According to stories of old which may or may not be legends, tapestry-related activities were established in Aubusson and Felletin either during the 8th century with the arrival of the Saracens, or during the 14th century with the settlement of Flemish upholsterers.
According to the most probable theory, the local cloth making industry was converted during the 15th century.
In 1665, Colbert granted the status of royal manufactory to all the workshops in Aubusson, which were mainly located in the districts of Terrade and Saint Jean.
This recognition strengthened the development of tapestry production in Aubusson, with orders for major tapestries covering religious and legendary themes lading to international acclaim. Aubusson was a supplier to the Europe of the Enlightenment.
During the 19th century tapestry production took on an industrial form, with the establishment of several factories whose main activity was the production of carpets. The largest of these factories included Hamot, Braquenié and Sallandrouze, each employing several hundred workers.
The factories had their own dyeing mills for treating wool in the desired colours. Ranges of dyed wool were stored in different compartments and arranged by shade of colour. They were placed on bobbins manually by winders, using simple wooden spinning wheels which they activated using a crank handle.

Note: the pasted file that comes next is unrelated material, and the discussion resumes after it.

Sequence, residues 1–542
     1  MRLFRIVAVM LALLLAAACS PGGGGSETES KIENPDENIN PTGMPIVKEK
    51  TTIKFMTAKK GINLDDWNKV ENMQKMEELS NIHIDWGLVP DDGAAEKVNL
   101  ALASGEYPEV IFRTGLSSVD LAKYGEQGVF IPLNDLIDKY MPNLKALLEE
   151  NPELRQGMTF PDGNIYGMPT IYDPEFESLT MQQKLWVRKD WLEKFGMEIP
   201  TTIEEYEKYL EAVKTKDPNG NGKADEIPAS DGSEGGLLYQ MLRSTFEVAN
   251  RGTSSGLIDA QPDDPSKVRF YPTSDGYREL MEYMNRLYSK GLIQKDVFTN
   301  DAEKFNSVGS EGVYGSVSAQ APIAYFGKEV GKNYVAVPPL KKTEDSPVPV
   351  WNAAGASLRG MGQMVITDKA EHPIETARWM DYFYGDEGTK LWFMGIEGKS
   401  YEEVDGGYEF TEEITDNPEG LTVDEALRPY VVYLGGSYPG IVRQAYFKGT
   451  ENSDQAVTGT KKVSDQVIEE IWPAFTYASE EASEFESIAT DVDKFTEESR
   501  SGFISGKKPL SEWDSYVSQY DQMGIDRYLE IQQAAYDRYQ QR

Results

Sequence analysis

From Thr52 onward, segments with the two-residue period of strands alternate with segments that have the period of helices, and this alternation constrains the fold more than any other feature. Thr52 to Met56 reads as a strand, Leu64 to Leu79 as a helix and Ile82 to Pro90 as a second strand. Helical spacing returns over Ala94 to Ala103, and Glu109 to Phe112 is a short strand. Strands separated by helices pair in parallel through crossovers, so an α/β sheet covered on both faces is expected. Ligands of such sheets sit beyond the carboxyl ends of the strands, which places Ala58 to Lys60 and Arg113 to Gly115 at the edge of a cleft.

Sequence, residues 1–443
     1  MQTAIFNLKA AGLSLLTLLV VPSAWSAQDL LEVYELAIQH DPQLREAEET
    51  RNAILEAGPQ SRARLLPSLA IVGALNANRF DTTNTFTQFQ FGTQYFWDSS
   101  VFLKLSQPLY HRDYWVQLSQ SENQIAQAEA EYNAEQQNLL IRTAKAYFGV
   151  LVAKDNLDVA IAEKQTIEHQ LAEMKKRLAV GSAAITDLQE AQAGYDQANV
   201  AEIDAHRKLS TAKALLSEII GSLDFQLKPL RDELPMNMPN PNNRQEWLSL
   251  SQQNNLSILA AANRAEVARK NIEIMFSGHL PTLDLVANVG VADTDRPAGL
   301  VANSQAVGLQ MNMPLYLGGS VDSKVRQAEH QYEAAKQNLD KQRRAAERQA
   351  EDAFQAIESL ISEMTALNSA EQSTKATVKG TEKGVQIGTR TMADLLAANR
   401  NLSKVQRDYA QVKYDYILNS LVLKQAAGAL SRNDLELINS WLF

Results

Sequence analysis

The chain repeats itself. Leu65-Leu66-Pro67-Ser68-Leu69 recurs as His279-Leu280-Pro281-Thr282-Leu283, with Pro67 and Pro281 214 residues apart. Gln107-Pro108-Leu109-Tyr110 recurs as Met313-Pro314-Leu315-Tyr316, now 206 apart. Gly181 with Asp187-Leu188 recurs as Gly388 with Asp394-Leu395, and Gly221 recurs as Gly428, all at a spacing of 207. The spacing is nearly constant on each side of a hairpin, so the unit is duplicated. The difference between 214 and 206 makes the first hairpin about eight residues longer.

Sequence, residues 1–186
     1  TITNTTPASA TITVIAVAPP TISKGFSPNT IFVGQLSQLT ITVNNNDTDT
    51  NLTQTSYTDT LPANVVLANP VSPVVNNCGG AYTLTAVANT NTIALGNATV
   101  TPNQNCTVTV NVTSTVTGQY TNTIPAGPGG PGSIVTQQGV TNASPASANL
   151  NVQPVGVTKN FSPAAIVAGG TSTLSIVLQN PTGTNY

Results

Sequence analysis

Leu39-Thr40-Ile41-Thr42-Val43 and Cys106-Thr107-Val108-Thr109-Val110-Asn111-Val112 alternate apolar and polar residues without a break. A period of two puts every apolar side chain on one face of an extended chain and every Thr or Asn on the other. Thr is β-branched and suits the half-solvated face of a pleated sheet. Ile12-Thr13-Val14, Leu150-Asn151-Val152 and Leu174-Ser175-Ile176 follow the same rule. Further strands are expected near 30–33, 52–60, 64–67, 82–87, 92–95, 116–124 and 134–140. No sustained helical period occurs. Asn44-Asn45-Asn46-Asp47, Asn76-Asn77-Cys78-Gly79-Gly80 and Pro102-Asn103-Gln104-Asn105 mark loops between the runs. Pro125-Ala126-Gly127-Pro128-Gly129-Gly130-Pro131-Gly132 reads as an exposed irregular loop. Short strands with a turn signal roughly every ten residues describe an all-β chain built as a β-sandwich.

In the factories of days gone by, a single piece of work required a good ten or so people. Using low-warp looms, teams of weavers worked horizontally to produce the famous tapestries of Aubusson. At the outset, this skilled job was restricted to men.
Later, using low-warp looms which were vertical, it was mainly less well-paid women and young girls who produced the knotted carpets, known as Savonnerie carpets. These workers were known as "velouteuses".
In 2012, Aubusson featured 3 manufactories and 5 tapestry workshops in operation. The number of these small workshops, which guarantee expertise of an excellent standard, is now increasing due to the action of the Cité de la Tapisserie.
The artisan who performs the task of tapestry weaving is known as a "lissier" in French. The expertise of the town of Aubusson is now recognised by UNESCO…
Aubusson is well known for its tapestry workshops, witch were granted the status of royal manufactory in the 17th century. Discover the history of this…
The history of Rue Saint Jean is closely linked to that of the Sallandrouze family, who commissioned the construction of several carpet factories and…